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THE ENVIRONMENT IN THE NEWS - page 35 / 62

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Amidst the uncertainty of the future, there is a growing recognition of the critical need for strong voices from the region. Voices that will share with the rest of the world the needs, the complexities, and the right solutions for the more than 8 million people living in the Pacific.

Voices that will take the messages from the people of the vast Pacific islands region to a global platform.

The forum provided an opportunity to strengthen the Pacific Youth Environmental Network (PYEN), established by UNEP to act as a vehicle to unite the growing numbers of young Pacific Islanders who are concerned about protecting the Pacific environment.

The challenge now for young people is to embody the change they wish to see in this region: to have the courage to embrace the principles, spirit and integrity to continue to strive for the change that needs to happen in the Pacific; to become the Pacific’s future environment leaders; and to ensure that the beauty, uniqueness and diversity of the Pacific islands are protected for future generations.

• Asterio Takesy is director of SPREP based in Apia, Samoa.

http://www.islandsbusiness.com/islands_business/index_dynamic/containerNameToReplace=MiddleMiddle/focusModuleID=17412/overideSkinName=issueArticle-full.tpl

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Daily Times, Pakistan : LETTERS:  Solar power success

Post letters to Letters to the Editor, The Daily Times, 41-N, Industrial Area, Gulberg II, Lahore, Pakistan Phone: 92-42-5878614-19; Fax: 92-42-5878620 E-mail: letters@dailytimes.com.pk Letters may be edited for length and clarity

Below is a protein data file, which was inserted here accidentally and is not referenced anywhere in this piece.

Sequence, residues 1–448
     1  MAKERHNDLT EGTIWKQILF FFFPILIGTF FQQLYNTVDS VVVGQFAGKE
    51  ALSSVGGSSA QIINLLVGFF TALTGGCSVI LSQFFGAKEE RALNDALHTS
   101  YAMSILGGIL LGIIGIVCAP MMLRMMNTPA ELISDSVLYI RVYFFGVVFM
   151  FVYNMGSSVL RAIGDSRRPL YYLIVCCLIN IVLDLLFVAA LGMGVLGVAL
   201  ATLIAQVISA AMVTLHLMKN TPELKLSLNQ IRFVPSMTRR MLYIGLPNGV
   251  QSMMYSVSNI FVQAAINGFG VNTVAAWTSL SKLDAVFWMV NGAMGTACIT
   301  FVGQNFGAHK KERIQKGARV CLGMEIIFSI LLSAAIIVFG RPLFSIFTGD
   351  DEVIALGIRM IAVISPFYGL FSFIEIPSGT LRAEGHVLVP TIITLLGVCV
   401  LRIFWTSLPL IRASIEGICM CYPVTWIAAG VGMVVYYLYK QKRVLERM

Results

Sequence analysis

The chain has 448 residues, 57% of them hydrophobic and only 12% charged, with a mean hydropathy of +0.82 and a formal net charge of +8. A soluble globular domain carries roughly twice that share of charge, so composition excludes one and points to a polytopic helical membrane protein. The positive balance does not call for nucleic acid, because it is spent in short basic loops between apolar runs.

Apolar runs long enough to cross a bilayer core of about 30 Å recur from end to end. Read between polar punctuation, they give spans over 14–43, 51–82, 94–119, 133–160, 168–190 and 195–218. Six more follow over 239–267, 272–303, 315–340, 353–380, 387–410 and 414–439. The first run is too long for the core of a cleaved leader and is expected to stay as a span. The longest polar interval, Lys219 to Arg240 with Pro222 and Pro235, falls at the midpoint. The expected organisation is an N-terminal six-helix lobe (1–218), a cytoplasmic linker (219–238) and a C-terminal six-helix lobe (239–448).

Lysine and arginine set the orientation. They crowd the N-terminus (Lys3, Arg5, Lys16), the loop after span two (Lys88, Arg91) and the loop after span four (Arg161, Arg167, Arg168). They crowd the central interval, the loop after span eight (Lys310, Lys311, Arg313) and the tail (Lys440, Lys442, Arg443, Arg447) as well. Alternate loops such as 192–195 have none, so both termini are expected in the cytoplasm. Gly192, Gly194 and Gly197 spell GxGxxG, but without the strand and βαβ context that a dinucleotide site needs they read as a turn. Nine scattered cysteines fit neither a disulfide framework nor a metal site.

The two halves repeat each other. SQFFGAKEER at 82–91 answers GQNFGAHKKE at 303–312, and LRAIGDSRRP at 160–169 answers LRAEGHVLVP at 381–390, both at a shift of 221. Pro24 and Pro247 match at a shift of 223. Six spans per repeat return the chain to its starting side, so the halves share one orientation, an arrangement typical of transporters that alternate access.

Solar power success

Sir: A United Nations-sponsored environment programme has provided an estimated 100,000 people in poverty-stricken rural India with several hours of reliable solar-powered light every night. According to a UN report the programme is set to expand to a number of other developing countries. The executive director of the United Nations Environment Programme (UNEP) said that the project underlines the multiple benefits of providing clean and renewable energies in developing countries. Even a few hours of 20 to 40-watt solar-powered light in homes and small shops nightly has been credited with better grades for schoolchildren, better productivity for needlework artisan groups and other cottage industries, and even better sales at fruit stands, where produce is no longer spoiled by fumes from kerosene lamps.

Developing countries all over the world should use renewable energy provided by solar power. Rural areas in Pakistan could derive an immense benefit by replacing harmful and environmentally unfriendly power sources currently in use with solar power.

ENGINEER SAMRA RAFIQUE

Karachi

Regularise contract workers

Sir: This is in reference to the news report ‘Regularize Contract Workers: KESC Labour Union’ (Daily Times, May 02). In my view, the resolution demanding regularisation of contractual

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